Ah, death. It’s pretty much everywhere in teen lit, isn’t it?
Read the last Bookshelves of Doom on A.S. King's 'Everybody Sees the Ants.'
You’ve got the classic Dying Young Stories, like pretty much anything by Lurlene McDaniel: Six Months to Live; I Want to Live; Please Don’t Die; Too Young to Die; Sixteen and Dying; She Died Too Young; Mother, Help Me Live; Mother, Please Don’t Die...the tear-stained list goes on and on and sadly on.
Obviously, there’s also the entire paranormal genre. Vampires? Zombies? Just because they’re walking and talking (or shambling and moaning) doesn’t mean that they aren’t dead. Lots of ghost narrators as well, like the ladies in Sara Shepard’s Lying Game series and Tonya Hurley’s Ghostgirl books.*
Death shows up in person (so to speak) pretty often, whether it be in the scythe/robe getup—like Terry Pratchett’s Death—or in the guise of Hades, as in any of the Percy Jackson books, or in re-imaginings of the Persephone myth.** Death even does the narrating on occasion, as in Marcus Zusak’s much-beloved The Book Thief.*** And then, of course, the are the zillions of books about angels, fallen angels, demons and people who are the offspring of angels and/or demons.
After reading Jess Rothenberg’s The Catastrophic History of You & Me, though, the Death Books that I’m interested in at the moment are the ones that deal directly with the afterlife, whether it be heaven, hell or limbo. Catastrophic is about 16-year-old Brie Eagan, who gets dumped by her boyfriend and dies of a broken heart. Literally. Like, her heart splits in half. And then the story begins.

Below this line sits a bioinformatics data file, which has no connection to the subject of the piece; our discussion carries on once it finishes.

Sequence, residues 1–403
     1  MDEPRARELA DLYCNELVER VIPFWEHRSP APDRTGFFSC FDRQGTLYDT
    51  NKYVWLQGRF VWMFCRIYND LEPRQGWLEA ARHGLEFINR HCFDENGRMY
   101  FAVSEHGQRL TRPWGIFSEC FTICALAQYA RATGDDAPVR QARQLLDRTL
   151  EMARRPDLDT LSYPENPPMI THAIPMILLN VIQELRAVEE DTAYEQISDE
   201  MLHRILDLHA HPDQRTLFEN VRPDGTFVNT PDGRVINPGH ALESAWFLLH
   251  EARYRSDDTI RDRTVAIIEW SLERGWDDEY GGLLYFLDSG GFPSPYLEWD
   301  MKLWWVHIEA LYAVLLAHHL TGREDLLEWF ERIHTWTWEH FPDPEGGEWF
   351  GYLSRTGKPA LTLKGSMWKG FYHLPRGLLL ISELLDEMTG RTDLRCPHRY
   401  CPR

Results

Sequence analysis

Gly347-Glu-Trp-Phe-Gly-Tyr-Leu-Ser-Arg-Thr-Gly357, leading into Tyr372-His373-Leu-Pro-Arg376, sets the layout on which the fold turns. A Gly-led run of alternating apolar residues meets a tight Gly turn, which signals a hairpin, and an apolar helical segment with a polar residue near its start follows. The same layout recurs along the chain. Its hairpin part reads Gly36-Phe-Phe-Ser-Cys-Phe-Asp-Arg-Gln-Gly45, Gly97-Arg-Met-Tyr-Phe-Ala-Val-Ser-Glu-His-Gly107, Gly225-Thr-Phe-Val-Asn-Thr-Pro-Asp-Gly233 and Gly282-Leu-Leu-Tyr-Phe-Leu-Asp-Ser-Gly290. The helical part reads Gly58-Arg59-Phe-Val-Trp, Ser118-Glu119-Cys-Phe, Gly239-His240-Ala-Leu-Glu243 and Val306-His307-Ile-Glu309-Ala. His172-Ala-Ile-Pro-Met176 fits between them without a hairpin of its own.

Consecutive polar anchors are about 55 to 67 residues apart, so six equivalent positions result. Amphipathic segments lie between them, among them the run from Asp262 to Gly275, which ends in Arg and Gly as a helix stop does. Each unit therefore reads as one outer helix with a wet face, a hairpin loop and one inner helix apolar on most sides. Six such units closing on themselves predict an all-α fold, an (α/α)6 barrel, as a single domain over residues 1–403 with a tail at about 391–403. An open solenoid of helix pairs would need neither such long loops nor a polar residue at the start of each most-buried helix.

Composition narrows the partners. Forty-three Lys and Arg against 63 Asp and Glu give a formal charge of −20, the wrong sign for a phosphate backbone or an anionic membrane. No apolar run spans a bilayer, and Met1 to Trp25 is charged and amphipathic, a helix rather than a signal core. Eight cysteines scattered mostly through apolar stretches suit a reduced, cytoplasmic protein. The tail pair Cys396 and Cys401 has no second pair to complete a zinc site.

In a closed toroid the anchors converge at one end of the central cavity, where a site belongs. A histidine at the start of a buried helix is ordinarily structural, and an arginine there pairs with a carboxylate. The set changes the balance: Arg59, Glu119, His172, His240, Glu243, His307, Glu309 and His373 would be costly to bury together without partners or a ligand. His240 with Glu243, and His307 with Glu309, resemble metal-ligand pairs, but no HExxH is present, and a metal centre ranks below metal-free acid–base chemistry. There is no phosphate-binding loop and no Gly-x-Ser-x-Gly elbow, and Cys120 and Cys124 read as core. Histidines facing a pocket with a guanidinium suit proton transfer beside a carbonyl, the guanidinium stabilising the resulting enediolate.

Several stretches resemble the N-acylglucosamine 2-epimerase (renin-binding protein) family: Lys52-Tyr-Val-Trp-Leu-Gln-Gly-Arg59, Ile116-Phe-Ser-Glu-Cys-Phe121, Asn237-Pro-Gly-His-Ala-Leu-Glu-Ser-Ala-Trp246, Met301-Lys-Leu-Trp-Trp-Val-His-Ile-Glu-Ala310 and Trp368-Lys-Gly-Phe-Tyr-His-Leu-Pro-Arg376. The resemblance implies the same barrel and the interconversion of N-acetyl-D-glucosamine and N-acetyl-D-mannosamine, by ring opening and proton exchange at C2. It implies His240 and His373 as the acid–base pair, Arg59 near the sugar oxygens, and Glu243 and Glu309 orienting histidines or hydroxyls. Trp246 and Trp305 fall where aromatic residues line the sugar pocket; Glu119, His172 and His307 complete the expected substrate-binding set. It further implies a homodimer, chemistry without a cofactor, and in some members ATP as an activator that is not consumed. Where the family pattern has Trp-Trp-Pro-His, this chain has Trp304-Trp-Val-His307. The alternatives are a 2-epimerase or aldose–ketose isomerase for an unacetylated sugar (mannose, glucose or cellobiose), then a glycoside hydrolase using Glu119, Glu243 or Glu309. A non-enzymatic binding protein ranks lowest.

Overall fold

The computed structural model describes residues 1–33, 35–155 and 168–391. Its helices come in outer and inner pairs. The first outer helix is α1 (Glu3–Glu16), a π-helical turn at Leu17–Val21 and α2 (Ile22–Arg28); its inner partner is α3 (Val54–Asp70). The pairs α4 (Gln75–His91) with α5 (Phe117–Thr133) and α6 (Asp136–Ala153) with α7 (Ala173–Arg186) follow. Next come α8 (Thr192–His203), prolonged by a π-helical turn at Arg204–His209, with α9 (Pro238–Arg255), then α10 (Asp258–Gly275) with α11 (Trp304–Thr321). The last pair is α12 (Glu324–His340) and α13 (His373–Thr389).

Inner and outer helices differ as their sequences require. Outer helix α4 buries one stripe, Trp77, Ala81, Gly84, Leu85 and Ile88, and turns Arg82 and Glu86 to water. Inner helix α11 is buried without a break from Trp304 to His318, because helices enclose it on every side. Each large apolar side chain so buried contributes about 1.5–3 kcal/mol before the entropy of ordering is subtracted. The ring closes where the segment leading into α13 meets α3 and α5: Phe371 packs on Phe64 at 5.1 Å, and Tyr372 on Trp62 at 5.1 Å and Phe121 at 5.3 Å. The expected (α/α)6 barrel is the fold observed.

I’m still mulling it over—it held me tight enough that I blew through it in one sitting, and yes, it made me cry, but I still have some loose ends in my brain that I need to work out—so here are a couple of my fave afterlife books:
Everlost by Neal Shusterman: After dying in a car accident, Nick and Allie end up in Everlost, a Limbo inhabited only by children. As you’d expect from Neal Shusterman, Everlost deals with a tough topic while bringing the tension, mystery and adventure, but without ever getting heavy-handed or resorting to preaching. Good stuff, and there are two sequels!
Before I Fall by Lauren Oliver: High school senior Samantha Kingston dies, and she has to re-live the last day of her life again and again until she gets it right. It’s like Groundhog Day, but without Andie MacDowell. (Thankfully.) One of the things I love best about this one is that Sam isn’t particularly likable at first—she actually comes off as a real jerk. But as she makes attempt after attempt to escape the loop, two things happen: She realizes that other people have more than one facet, and the reader sees that Sam does, too.
What about you? I know you’re thinking of one that I have to read.
*** Want to cry so hard that you can’t breathe? Read The Book Thief.
If she isn't writing Bookshelves of Doom or doing her librarian thing, Leila Roy is impatiently waiting for the next winter share from her CSA.